Mojo66 writes: News.cn reports that China has announced that it will forbid the use of the Windows 8 operating system (OS) in new government computers, a move to ensure computer security after the shutdown of Windows XP. The Chinese government obviously cannot ignore the risks of running OS without guaranteed technical support. It has moved to avoid the awkwardness of being confronted with a similar situation again in future if it continues to purchase computers with foreign OS. Apart from purchase restrictions for central government offices, China will focus on the development of its own OS based on Linux, a move which An Yang, a security expert with Qihoo 360 Technology, said was a necessity although progress has been disappointing. There are several Linux-based OS developed by Chinese companies, such as KylinOS and StartOS, but they have not proved popular. An said the first step is to promote the use of Chinese-designed OS among official users, while their popularity among civilian users will be subject to market forces.
HP recently announced shipping PCs with Kylin pre-installed, while there have been about 4 million downloads of the OS from the website so far.
Mojo66 writes: After project savings had been estimated to amount to at least €4 million in March, more precise figures are now in: Over €10 million (approximately £8 million or $12.8 million) has been saved by the city of Munich, thanks to its development and use of the city's own Linux platform. The calculation compares the current overall cost of the LiMux migration with that of two technologically equivalent Windows scenarios: Windows with Microsoft Office and Windows with OpenOffice. Reportedly, savings amount to over €10 million. The study is based on around 11,000 migrated workplaces within Munich's city administration as well as 15,000 desktops that are equipped with an open source office suite. The comparison with Windows assumes that Windows systems must be on the same technological level; this would, for example, mean that they would have been upgraded to Windows 7 at the end of 2011. Overall, the project says that Windows and Microsoft Office would have cost just over €34 million, while Windows with Open Office would have cost about €30 million. The LiMux scenario, on the other hand, has reportedly cost less than €23 million. A detailed report (in german) is available here.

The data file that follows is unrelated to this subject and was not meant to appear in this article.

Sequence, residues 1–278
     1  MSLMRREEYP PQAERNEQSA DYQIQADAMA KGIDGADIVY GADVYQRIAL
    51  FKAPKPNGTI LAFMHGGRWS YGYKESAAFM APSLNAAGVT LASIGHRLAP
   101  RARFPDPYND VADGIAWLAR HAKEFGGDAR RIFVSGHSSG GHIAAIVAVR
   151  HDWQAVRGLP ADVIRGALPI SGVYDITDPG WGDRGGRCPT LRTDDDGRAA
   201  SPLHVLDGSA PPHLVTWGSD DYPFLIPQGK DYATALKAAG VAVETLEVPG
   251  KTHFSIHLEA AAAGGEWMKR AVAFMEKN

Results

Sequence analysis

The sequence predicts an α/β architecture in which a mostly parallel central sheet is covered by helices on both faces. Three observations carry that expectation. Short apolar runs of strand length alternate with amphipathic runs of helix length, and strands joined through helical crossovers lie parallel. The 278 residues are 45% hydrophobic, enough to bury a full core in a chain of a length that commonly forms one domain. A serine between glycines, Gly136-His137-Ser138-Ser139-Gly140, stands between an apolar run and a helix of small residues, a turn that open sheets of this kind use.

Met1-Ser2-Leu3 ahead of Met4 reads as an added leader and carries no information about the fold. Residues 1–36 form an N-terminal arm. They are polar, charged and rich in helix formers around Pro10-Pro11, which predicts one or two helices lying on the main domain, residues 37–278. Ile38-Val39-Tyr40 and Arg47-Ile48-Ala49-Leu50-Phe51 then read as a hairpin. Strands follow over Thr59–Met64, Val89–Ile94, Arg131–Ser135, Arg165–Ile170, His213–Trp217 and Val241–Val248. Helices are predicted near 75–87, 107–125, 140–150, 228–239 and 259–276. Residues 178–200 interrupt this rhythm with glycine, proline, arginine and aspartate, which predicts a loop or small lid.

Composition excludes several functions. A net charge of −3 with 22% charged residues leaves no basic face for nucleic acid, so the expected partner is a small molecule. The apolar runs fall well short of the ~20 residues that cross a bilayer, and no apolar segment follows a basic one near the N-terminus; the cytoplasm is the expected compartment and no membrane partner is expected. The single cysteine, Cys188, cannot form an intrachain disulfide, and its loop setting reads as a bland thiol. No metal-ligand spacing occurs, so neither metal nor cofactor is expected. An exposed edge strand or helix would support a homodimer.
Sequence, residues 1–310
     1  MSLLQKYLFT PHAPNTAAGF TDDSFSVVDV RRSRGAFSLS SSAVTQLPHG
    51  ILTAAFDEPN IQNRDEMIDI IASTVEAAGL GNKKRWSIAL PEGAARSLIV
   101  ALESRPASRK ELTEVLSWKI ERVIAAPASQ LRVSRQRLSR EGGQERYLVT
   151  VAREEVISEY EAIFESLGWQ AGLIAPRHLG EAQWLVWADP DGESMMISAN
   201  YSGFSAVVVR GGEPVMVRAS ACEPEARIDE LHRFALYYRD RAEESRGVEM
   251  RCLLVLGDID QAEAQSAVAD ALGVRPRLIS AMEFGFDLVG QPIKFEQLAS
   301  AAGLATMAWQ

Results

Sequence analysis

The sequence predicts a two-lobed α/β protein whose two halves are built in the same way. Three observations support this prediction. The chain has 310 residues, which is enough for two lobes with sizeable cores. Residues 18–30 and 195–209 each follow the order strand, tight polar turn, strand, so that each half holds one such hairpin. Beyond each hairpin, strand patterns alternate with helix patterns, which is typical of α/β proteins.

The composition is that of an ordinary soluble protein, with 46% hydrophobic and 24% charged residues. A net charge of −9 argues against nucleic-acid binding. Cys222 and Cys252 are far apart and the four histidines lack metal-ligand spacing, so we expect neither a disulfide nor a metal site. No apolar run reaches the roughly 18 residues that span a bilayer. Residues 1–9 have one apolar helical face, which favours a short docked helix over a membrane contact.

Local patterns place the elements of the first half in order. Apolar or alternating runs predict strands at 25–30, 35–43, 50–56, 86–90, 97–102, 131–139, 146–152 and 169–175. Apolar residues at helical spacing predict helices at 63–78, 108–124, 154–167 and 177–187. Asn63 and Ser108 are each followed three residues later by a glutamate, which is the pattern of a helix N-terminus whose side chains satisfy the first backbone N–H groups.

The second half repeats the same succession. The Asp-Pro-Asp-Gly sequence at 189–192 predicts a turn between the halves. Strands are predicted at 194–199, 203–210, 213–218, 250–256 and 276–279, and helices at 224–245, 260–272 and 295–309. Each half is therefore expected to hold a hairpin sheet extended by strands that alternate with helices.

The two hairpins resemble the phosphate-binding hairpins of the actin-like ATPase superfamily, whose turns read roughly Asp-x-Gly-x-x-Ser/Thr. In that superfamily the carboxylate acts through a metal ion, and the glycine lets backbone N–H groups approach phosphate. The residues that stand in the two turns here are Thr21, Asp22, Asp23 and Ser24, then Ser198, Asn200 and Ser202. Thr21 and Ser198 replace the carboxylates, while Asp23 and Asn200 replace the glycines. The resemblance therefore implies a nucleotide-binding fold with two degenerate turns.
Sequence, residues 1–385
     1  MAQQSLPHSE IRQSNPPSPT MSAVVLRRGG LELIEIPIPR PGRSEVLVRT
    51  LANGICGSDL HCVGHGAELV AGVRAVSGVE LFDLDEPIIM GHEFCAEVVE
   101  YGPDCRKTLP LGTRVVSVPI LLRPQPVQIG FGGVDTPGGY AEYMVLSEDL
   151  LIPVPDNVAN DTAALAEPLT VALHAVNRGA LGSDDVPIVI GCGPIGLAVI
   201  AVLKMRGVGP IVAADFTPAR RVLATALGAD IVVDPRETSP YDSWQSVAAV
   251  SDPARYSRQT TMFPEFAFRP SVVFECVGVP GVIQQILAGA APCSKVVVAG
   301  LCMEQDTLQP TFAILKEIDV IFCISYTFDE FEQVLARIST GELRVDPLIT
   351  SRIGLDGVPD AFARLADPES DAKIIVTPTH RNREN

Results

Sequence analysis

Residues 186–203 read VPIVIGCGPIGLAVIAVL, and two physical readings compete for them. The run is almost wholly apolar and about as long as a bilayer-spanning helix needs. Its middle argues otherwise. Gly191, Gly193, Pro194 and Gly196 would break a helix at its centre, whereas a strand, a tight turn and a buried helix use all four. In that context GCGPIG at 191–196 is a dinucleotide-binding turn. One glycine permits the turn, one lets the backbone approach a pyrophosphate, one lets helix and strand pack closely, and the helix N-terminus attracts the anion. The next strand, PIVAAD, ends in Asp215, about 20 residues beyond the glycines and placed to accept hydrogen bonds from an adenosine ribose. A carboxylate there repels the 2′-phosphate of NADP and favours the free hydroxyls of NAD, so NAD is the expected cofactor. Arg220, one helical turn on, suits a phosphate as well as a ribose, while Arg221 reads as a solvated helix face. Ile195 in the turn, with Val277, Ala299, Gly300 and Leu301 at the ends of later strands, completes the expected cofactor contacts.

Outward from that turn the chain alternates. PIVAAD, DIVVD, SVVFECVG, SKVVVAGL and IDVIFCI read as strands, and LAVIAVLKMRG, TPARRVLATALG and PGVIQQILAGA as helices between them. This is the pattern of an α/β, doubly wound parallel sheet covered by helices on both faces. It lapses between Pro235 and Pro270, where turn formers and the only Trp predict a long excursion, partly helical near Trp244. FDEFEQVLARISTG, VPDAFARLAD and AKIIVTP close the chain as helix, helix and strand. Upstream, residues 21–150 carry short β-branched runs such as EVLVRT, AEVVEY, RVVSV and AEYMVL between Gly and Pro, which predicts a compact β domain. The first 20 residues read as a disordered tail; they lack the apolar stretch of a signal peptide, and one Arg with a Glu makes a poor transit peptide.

Mojo66 writes: A recently reported flaw that allowed an attacker to drastically reduce the number of attempts needed to guess the WPS PIN of a wireless router isn't necessary for some Arcadyan based routers anymore. According to german computer publisher heise (google translation, original here), some 100,000 routers of type Speedport W921V, W504V and W723V are affected in Germany alone. What makes things worse is the fact that in order to exploit the backdoor, no button has to be pushed on the device itself and on some of the affected routers, the backdoor PIN ("12345670") is still working even after WPS has been disabled by the user. The only currently known remedy for those models is to disable Wi-Fi altogether.
Mojo66 writes: A company that makes specialist talking tablet computers for speech-disabled children has mounted a patent lawsuit which seems set to kill off an iPad app that does the same thing for a tenth of the price. Prentke Romich's Minspeak touchscreen devices enable mute children to communicate through a speech synthesiser controlled by an on-screen keyboard of symbols. Kids hit buttons to string together sentences. Prentke says a dynamic keyboard of symbols and the ability to redefine these keys have been patented — and Speak For Yourself allegedly violates these patents.
Mojo66 writes: Mayor Ude today reported (german)(english translation) that the city of Munich has saved €4 million so far by switching its IT infrastructure from Windows NT and Office to Linux and OpenOffice. At the same time, the number of trouble tickets decreased from 70 to 46 per month. Savings were €2.8M from software licensing and €1.2M from hardware because demands are lower for Linux compared to Windows 7.